Revisiting The Red Ball
Once, during those troubling and formative years spent in the lone star state of my beloved Rebellion, I chanced upon a rack of assorted books. Something almost insignificant caught my eye right away, so I reached for this particularly thin and small, but otherwise nondescript hardback, and I then withdrew it from the crowd. Its title had intrigued me from the start.
Standing between rows of books, I opened up the stiff covers and began reading the first page, and immediately found myself hooked. A small boy, perhaps no larger than me, sat quietly at his bedroom window while gazing out at the night sky.
Then at some point in frozen time, I next found myself sitting in a chair at some table in the middle of the school library, caught up in this story of adventure and imagination, for the curious boy in the tale soon came to witness a glowing red orb falling from the heavens that, later on, came to befriend and eventually communicate with him.
This initial encounter I had with science-fiction began a long, long lifetime search for more of the same, but fitting enough, I later lost all belief in such things after reading Sir Arthur C. Clarke’s strange views on religion in Childhood’s End.
Yes, and to this day, I do remain suspicious of the existence of UFOs, as entertaining as they might be, so I have no explanation for the following events.
While working late one night, my young wife called me on the telephone. I had a devil of a time grasping most of what she said, but between the sobbing, the babblings and her fits of screaming, I finally understood she simply wanted me to come pick her up from her mother’s place out in town. There was some matter about a mysterious circle of lights that settled over her car when she left her mom to return to the base, which had caused this temporary panic.
We were both immature then, and neither too wise, but I shrugged and looked over my shoulder at a co-worker who had a his own car, so he nodded and agreed to drive me to town to retrieve the loon and my only vehicle.
I thought to check the clock up on the wall. Liberty for troops expired at ten sharp, and since it read ten-thirty, I had to accompany the young marine across the grinder to authorized him to get his pass. On the way to the office building, the two of us met a group of other marines who stood outside, talking excitedly and pointing towards town. I only caught snatches of their conversation as we walked by, but the now-familiar description I overheard of a strange circle of lights that had just suddenly shot up and disappeared among the stars got my attention for the second time that night. Still, I remained skeptical.
Who knows what makes people see such things, unless it’s a vivid imagination. Hell, I almost shot a firefly to smithereens once, thinking it was a man carrying a lit cigarette, so I’m happy accepting such an explanation. But in any case, on this particular evening I did rescue the poor damsel, and we got her home safely.
Years go by.
Then, while working as a draftsman for a fiberglass tank manufacturer, I had an opportunity to change hats one weekend, and personally deliver one of our finished products to a customer down in Florida. I took my eight-year-old son along for company, so we both had fun.
On the return trip home, and around two in the morning, we pulled up and stopped at a red light in some sleeping city in South Carolina. The intersection looked rightfully deserted. As I sat and waited for the stoplight to change, and while my son slept on the bench seat next to me, and as I idly scanned the façade of a two-story building across the street, an odd thing occurred in the sky over the building.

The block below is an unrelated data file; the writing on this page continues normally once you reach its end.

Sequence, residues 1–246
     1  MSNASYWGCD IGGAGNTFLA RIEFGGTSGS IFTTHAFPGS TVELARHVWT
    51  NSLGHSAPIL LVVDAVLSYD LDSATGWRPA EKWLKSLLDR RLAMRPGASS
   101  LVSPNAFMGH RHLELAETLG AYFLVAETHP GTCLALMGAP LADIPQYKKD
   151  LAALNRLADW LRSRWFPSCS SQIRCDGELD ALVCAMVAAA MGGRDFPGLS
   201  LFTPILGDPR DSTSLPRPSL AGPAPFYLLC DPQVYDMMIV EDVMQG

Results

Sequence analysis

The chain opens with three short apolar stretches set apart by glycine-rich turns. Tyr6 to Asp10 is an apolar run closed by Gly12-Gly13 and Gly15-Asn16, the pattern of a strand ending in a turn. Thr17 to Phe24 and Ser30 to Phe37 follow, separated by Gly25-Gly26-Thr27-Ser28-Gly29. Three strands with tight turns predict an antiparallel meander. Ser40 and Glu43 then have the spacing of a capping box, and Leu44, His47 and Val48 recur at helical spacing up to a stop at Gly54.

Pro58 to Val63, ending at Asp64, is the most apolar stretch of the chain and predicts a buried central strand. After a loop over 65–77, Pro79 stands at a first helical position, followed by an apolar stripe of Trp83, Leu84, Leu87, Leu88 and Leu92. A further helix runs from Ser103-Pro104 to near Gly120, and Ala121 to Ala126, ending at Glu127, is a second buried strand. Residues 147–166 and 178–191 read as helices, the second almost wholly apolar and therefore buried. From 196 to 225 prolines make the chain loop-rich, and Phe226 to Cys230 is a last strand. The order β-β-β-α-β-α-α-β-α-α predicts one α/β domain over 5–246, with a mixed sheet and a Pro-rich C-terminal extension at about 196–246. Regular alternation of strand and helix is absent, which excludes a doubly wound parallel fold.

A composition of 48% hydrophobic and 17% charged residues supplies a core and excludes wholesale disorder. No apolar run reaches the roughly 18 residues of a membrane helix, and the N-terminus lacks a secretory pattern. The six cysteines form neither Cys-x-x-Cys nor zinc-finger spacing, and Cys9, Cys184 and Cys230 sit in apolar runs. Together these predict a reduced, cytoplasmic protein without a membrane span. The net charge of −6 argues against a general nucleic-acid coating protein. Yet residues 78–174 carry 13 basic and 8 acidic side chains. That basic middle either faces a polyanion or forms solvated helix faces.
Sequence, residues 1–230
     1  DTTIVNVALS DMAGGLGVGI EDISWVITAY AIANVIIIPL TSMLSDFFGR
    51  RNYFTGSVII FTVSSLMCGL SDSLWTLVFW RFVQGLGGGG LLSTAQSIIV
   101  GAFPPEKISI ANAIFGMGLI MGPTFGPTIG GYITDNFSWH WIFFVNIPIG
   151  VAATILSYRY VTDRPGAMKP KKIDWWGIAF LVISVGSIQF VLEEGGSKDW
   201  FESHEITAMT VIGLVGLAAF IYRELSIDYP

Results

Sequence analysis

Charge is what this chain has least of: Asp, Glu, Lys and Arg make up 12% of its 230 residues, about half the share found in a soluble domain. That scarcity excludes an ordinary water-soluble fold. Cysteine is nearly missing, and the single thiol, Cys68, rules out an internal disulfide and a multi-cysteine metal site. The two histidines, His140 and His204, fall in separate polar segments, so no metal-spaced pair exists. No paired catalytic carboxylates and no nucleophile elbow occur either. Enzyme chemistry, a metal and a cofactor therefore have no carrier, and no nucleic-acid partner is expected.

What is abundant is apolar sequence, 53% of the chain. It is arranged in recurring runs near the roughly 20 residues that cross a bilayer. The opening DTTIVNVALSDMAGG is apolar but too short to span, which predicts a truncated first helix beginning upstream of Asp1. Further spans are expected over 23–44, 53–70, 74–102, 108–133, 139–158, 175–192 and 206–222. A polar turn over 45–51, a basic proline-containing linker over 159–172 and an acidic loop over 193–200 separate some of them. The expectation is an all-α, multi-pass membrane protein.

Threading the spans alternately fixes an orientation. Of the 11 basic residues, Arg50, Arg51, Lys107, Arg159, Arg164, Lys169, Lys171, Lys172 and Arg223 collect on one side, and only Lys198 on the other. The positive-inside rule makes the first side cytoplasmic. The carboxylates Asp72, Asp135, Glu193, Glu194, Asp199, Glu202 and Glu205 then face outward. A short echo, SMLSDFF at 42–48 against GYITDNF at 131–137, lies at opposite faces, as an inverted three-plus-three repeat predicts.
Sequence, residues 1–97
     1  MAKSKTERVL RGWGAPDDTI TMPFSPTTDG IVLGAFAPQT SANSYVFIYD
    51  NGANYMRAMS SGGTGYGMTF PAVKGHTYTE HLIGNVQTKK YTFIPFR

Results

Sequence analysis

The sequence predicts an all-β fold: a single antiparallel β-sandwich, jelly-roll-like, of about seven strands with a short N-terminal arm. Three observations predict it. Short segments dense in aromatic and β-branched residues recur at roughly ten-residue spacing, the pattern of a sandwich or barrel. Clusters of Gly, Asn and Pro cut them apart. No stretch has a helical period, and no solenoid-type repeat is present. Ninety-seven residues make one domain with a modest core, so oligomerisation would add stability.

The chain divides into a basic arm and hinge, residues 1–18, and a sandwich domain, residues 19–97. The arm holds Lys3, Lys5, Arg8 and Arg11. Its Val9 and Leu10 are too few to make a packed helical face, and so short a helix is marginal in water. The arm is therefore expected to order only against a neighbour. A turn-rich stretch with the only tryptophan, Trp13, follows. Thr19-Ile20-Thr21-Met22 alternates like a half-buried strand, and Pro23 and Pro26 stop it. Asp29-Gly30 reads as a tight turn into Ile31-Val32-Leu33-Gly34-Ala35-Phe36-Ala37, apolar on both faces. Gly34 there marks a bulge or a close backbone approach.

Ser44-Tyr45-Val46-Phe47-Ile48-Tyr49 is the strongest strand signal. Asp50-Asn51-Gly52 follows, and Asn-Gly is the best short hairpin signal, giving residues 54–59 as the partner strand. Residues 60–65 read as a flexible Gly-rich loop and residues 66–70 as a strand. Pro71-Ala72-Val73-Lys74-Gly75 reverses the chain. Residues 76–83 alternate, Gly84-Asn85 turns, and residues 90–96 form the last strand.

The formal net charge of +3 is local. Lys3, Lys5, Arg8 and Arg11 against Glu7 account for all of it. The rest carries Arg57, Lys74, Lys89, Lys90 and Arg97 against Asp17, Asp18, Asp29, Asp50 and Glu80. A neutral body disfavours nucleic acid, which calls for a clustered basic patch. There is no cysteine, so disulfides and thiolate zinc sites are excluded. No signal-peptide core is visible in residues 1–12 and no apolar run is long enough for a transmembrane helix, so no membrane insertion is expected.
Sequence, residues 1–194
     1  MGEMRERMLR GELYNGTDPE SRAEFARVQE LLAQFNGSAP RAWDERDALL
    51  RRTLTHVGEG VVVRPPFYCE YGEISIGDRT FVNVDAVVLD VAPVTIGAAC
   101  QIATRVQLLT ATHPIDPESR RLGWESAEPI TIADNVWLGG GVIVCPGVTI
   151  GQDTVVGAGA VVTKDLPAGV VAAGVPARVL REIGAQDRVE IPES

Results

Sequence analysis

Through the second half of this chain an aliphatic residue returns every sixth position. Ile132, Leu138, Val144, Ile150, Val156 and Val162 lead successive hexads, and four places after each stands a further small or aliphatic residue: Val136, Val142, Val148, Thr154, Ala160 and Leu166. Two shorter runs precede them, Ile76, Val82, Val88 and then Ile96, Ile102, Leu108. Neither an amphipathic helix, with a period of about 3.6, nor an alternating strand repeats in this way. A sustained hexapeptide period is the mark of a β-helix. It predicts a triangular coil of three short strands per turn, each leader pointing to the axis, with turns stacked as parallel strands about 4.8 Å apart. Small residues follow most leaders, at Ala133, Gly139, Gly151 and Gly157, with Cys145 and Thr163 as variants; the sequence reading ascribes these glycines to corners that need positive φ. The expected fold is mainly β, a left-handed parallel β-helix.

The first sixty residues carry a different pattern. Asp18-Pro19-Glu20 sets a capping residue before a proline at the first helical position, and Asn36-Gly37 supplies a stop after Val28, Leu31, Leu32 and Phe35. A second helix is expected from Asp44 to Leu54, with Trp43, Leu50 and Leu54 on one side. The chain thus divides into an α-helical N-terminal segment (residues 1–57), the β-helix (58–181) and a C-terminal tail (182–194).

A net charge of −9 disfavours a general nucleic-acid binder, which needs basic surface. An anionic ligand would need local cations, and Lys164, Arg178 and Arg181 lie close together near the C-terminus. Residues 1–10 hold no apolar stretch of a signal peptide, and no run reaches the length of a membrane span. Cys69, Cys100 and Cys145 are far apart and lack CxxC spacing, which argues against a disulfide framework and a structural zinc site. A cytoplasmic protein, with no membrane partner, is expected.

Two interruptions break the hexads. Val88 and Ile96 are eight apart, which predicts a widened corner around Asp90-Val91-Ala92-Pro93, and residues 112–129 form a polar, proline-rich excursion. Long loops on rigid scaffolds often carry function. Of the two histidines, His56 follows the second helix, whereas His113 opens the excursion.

Something appeared there, and I watched with a sudden keen interest as the edge of a circular object first peered over the rim of the building, and then it seemed to slide across the top of the structure, slowly coming into view. The thing showed as a perfectly-round black shape against the lighter night haze that laid over the city. It also appeared to be angled at its edge, from the way flashing lights on the side of the object traveled around from left to right. It might best be described as a gigantic, up-side-down pie pan, this bizarre silent entity.
My heart began to race as my mind shouted, “Goodyear blimp! Goodyear blimp! That’s got to be a damn Goodyear blimp!”
The thing is, Goodyear blimps are shaped like footballs, and are not round at all.
Now, I was not about to be taken in by this strange vision, so I grabbed Donnie’s leg and shook it. I needed not only a witness, but a second opinion, even if he was only eight.
The boy sat up. Our engine idled smoothly while I pointed and asked him as calmly as possible, trying not to influence him,
“Tell me what you see up there, son.”
He rubbed his eyes for a moment, and then he leaned forward. By this time, the object had filled the huge windshield of our truck, so he craned his neck up close to the glass and stared upwards for a few more seconds before he spoke. It continued to drift silently over the tops of the surrounding buildings, covering the entire intersection with its dark mass. Donnie’s jaw dropped as he exclaimed,
“A flying saucer, dad!”
The traffic light went to green, but we sat without moving or talking while the shape continued its slow progress above us, finally disappearing altogether, blocked from our sight by the roof of the truck. Neither of us had any intentions of opening the doors to get out then, or to follow the apparition.
Whatever the object happened to be, it vanished into the night to leave us sitting there in peace, although neither of us felt sleepy afterwards.